Video Tutorial: How to Configure RAID for Dell PowerEdge Servers
Our customers often ask for assistance in setting up a RAID array in their new TechMikeNY server. In this video tutorial, we’ll provide step-by-step instructions for how to set-up a RAID array in a Dell PowerEdge server. The PERC – or PowerEdge Raid Controller – is an H730, and the server is a Dell R730 – but the steps are virtually identical between all Dell PowerEdge servers.
When the boot menu pops up → Press CTRL + R.
This will bring up a list of the physical disks available for configuration into a RAID array.
Click F2 (Operations) → Clear Config. This ensures that you are removing any previous RAID configuration that existed on the controller and disks.
Now with all previous configurations cleared, we can create our new Virtual Disk.
Select the PERC → Create New VD.
Since our server has seven drives, it is standard to make the first two drives RAID 1. As a refresher, RAID 1 mirrors the data across both drives, creating a copy.
This will return to the main PERC menu, where you can initialize the virtual disks.
Select the newly created Virtual Disk. Click F2 again, select Initialization → Fast Init.
This will complete the Initiation on this first virtual disk.
We can now use the remaining drives left in the server to create other virtual disks.
To do so, we repeat the process that we performed on the first virtual disk creation.
Select the PERC controller at the top of the menu. Click F2 (Operations) → Create new VD.
You can select RAID 5, as shown in our configuration here, or RAID 10 (which is typically faster).
We recommend keeping one drive as a hot-swappable spare. You’ll notice here [in the above grab] we left one drive off the array – this will be our hot-swap spare.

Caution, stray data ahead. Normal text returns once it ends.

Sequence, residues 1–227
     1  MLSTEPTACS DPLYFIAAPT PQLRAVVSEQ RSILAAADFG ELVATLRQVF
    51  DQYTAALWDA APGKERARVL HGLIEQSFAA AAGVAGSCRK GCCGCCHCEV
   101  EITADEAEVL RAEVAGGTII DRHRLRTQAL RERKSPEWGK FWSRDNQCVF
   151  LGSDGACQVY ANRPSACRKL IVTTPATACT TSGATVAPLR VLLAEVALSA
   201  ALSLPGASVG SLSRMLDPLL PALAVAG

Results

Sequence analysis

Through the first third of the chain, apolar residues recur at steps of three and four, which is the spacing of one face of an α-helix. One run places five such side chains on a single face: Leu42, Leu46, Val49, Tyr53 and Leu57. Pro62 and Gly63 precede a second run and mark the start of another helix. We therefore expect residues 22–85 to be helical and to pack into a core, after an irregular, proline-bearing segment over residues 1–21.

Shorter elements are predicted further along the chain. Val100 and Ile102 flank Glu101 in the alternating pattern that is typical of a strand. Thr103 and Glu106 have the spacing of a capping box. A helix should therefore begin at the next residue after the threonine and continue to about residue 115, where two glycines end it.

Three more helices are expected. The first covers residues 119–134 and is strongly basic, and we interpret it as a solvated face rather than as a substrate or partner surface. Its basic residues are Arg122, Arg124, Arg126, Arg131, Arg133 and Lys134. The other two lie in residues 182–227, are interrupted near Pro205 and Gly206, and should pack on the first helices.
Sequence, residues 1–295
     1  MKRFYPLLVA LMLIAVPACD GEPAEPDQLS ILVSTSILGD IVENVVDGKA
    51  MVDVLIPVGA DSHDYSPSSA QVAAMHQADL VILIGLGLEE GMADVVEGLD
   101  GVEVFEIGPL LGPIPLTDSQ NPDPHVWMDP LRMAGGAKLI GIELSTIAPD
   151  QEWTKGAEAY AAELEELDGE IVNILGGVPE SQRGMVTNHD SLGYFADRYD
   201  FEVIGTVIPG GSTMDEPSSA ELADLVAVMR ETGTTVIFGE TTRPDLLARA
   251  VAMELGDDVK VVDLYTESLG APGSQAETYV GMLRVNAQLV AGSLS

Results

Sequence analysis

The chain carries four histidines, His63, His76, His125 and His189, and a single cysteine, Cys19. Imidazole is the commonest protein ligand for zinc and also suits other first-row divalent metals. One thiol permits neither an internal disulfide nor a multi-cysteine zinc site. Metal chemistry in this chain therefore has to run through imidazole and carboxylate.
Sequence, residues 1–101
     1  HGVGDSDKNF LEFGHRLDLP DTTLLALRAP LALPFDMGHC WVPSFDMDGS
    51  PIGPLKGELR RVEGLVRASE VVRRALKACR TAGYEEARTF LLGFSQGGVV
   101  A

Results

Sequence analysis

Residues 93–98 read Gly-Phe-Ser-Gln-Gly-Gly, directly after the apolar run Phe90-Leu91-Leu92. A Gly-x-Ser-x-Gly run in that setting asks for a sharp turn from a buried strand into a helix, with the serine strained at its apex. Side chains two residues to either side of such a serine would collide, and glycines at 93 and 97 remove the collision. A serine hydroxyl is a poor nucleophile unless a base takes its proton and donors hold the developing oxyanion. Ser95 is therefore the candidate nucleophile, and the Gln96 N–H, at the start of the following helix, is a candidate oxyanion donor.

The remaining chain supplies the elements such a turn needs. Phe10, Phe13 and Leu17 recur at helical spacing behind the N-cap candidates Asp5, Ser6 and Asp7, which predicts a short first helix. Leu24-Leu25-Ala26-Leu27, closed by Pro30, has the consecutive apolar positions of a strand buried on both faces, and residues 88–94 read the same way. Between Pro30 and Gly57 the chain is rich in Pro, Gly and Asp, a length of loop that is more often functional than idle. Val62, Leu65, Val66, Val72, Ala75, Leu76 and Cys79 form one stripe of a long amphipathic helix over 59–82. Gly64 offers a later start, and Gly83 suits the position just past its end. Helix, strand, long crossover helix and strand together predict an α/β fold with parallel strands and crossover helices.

From the Advanced Menu, check Configure Hot Spare.
The Hot Spare then needs to be manually enabled. A prompt will appear for the drive(s) to be selected to serve as the spare. Click Ok.
This configuration will allow you to have two failed drives without loss of any data. If one drive fails, then the hot-swap spare will automatically take over the failed drive functions. While this particular configuration could withstand another failed drive, it is recommended that you replace failed drives as soon as possible.
We then repeat the initialization process for the second VD we created.
Select our newly created RAID Disk Group → Click F2 (Operations) → Initialization → Fast Init. → Click Yes.
As before, the Initialization complete notification will pop up. Click Ok.
With the virtual disks set-up, click Esc. To exit the configuration menu.
You will then be prompted to Press Control+Alt+Delete to reboot the system.
For additional resources on RAID, you can view our TechTalk blog, which has posts on Raid Controller Basics and Considerations; as well as a post on compatibility pitfalls for 4Kn Hard Drives & Backwards RAID Controllers. Lastly, never hesitate to reach out to us at email@example.com if you ever have any questions.